Selection Strategy of In Vivo Models for Ophthalmic Drug Development in Diabetic Retinopathy
- Corresponding Author:
- Jean H.M. Feyen
Thrombo Genics NV, Gaston Geenslaan 1
B-3001, Heverlee, Belgium
E-mail: [email protected]
Received date: January 18, 2016; Accepted date: January 25, 2016; Published date: January 30, 2016
Citation: Geert ER, Tjing HT, Tine VB, Isabelle E, Koen W, et al. (2016) Selection Strategy of In Vivo Models for Ophthalmic Drug Development in Diabetic Retinopathy. J Mol Genet Med 10:202. doi:10.4172/1747-0862.1000202
Copyright: © 2016 Reyns GE, et al. This is an open-access article distributed under the terms of the Creative Commons Attribution License, which permits unrestricted use, distribution, and reproduction in any medium, provided the original author and source are credited.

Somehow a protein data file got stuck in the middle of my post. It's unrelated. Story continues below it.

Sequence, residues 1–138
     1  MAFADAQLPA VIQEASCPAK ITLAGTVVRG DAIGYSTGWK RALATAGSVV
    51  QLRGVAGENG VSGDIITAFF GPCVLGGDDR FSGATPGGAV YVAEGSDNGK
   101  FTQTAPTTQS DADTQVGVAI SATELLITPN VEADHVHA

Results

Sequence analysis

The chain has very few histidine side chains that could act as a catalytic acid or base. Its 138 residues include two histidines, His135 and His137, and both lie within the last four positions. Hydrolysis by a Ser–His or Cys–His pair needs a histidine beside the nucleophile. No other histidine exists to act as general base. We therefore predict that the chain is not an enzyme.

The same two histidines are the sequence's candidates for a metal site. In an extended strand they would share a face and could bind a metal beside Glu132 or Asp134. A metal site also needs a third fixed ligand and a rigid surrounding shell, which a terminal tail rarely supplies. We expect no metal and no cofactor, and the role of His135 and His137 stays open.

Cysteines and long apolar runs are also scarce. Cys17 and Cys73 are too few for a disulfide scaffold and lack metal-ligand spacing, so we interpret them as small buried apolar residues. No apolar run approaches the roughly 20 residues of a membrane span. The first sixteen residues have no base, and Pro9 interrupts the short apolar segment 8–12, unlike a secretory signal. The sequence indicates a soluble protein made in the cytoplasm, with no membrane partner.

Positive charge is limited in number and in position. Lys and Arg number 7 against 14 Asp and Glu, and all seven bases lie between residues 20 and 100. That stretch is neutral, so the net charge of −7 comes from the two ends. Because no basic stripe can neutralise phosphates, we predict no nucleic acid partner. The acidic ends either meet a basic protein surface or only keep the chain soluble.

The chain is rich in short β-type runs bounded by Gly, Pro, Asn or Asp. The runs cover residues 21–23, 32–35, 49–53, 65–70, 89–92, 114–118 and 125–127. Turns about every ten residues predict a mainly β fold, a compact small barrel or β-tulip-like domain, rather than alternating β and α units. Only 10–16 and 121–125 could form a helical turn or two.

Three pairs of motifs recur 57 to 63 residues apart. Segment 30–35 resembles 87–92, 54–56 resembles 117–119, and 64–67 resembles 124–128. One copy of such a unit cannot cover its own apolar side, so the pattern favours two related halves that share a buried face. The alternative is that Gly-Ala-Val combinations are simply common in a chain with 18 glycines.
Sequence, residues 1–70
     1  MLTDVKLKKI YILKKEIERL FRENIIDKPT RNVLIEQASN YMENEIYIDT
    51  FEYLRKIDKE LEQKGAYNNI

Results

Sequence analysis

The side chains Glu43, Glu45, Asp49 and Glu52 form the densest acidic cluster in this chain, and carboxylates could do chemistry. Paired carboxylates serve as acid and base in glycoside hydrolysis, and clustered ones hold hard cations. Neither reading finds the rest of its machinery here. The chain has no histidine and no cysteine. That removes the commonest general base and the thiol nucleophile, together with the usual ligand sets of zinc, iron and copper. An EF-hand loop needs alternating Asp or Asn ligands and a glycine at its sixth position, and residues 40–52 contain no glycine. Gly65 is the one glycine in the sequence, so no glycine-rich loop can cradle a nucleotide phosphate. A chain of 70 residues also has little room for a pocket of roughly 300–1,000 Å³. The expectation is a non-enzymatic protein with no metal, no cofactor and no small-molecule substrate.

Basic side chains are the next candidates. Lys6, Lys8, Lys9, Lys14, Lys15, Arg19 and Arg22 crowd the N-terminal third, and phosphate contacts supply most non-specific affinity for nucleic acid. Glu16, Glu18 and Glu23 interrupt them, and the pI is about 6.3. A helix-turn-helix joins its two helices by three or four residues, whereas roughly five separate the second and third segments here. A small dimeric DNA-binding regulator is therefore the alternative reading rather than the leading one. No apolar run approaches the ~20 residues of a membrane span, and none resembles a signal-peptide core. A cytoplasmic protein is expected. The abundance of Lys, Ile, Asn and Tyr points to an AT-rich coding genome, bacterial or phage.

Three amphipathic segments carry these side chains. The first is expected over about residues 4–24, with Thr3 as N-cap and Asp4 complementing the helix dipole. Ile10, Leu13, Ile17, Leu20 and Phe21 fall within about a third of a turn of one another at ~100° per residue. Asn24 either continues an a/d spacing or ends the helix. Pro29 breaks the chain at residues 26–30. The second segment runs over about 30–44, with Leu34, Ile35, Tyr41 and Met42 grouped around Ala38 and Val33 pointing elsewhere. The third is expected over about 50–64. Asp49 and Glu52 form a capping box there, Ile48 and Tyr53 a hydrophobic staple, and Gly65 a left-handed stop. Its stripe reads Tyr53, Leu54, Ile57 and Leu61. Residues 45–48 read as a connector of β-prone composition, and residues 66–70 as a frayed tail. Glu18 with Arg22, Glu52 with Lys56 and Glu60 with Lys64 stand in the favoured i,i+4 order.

Diabetic Retinopathy (DR) is the most common microvascular complication of diabetes and is one of the leading causes of visual impairment worldwide. DR is a chronic eye disease that eventually can result in legal blindness due to the evolution towards the major vision-threatening disorders diabetic macular edema (DME) and/or proliferative diabetic retinopathy (PDR). Current treatments with steroids, anti-VEGF compounds or retinal laser photocoagulation have shown a significant improvement in visual acuity in the advanced stage of the disease. However, main concerns are possible side effects and/or the relatively large number of clinical non-responders. A better understanding of the biological and molecular pathways not only in DR patients but also in the preclinical in vivo models would aid the development of novel and more efficient (personalized) therapeutic approaches for DR. This review aims to describe the pathways in a selection of diabetic, non-diabetic and surrogate rodent models of pathogenic neovascularization, vascular permeability, inflammation and neurodegeneration. None of these models can mimic the entire human pathophysiological progression but they all exhibit joint pathophysiological features with human DR pathogenesis. These combined features make these models very relevant in gaining a better understanding of the disease etiology and eventually improved strategies for drug screening. Through highlighting the most important biochemical and molecular pathways that these animal models have in common with DR patients, selection of the most suitable model for mechanistic studies and drug screening can be facilitated.